McCain: Didn't call for NSA chief's resignation or firing

Nov. 11, 2013 at 2:00 AM
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WASHINGTON, Nov. 10 (UPI) -- Sen. John McCain didn't call for U.S. National Security Agency Director Keith Alexander to leave, McCain's office said, denying remarks attributed to him.

The English version of the German news weekly Der Spiegel quoted the Arizona Republican as saying, "Of course, they should resign or be fired" after he was asked if Alexander, a four-star Army general, should resign because of alleged spy-agency shortcomings that led to U.S. surveillance leaks by former NSA contractor Edward Snowden.

Some news organizations quoted McCain as responding to the question by saying "he should resign," suggesting Alexander, rather than "they should resign."

"Senator McCain believes that there needs to be accountability for the Snowden leaks, but he is not calling for the resignation of General Alexander, who is retiring soon," McCain's office said late Sunday.

Alexander is due to retire in March. He has led the NSA since 2005.

In the interview, McCain spoke about spy-agency changes since the Sept. 11, 2001, terrorist attacks that let low-level people get high-level security clearances.

"Why did Edward Snowden have that information?" McCain asked, pointing out Snowden wasn't even a government employee. "And what are we doing as far as screening people who have access to this information? It's outrageous, and someone ought to be held accountable."

He was asked who should be held accountable.

"The head of the NSA, the president of the United States, the congressional intelligence committees, all of these contractors we pay that were responsible for performing the background checks. There should be a wholesale housecleaning," McCain said.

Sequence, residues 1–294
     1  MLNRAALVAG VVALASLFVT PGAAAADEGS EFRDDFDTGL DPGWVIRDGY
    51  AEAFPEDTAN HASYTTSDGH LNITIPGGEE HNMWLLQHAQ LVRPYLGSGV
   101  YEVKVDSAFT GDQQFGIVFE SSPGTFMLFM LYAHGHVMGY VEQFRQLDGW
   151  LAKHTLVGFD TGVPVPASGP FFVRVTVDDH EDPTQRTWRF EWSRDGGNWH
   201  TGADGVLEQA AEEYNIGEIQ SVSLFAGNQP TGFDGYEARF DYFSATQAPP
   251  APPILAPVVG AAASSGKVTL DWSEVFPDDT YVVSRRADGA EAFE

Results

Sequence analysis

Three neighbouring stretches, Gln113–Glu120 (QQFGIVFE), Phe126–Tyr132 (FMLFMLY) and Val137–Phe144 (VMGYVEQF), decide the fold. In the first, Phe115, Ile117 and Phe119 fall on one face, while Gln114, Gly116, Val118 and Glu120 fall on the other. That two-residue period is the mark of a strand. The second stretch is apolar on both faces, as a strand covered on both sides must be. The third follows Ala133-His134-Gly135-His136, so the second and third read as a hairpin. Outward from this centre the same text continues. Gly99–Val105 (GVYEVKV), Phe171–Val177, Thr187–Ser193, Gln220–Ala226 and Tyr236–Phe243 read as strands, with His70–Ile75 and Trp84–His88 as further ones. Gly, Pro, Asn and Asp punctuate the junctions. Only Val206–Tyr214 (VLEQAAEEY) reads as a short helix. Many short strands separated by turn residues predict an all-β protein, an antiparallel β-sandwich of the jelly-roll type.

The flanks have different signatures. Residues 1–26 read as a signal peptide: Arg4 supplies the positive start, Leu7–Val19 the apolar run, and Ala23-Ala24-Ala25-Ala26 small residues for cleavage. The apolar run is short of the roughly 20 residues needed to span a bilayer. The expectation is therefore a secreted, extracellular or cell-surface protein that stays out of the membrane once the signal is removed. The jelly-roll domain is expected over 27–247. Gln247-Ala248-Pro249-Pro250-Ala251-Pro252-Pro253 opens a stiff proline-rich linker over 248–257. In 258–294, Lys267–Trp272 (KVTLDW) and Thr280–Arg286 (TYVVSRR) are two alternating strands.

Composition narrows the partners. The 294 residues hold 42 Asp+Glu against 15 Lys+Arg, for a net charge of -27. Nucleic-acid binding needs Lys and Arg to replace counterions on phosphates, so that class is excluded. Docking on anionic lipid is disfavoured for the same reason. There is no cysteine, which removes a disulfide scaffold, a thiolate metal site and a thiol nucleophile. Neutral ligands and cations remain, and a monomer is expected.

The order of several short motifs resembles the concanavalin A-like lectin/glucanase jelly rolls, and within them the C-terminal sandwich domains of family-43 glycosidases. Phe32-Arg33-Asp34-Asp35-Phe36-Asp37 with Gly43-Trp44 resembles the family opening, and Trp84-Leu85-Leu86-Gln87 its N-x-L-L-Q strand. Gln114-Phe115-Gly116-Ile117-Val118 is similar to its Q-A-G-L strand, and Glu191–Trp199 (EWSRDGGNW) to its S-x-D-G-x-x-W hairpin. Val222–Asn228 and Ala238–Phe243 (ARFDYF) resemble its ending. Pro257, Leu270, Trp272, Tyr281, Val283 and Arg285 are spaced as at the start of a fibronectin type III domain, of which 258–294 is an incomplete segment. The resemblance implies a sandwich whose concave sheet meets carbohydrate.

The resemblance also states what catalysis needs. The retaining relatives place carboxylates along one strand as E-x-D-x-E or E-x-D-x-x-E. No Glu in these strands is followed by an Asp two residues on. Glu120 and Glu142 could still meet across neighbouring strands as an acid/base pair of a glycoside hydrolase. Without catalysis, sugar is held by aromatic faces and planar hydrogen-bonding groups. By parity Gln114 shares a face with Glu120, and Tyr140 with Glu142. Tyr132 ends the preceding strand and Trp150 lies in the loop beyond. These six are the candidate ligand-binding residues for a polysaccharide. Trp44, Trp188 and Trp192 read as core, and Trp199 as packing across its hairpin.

He was then asked if Alexander should resign.

"Of course, they should resign or be fired. We no longer hold anybody accountable in Washington," Der Spiegel quoted McCain as saying.

McCain also said he believed Snowden would "never" return to the United States, where he faces charges of espionage and theft of government property.

Snowden is living in Russia after being granted a temporary but extendable one-year asylum Aug. 1.

"[Russian] President Vladimir Putin will grant him asylum indefinitely," McCain said. "The Russians know if they send him back that that's a lesson to other people who might defect. I'm sure that Mr. Snowden has told them everything that he possibly knows."

When Der Spiegel said Snowden denied passing any information to Moscow, McCain said, "If you believe that Mr. Snowden didn't give the Russians information that he has, then you believe that pigs can fly."

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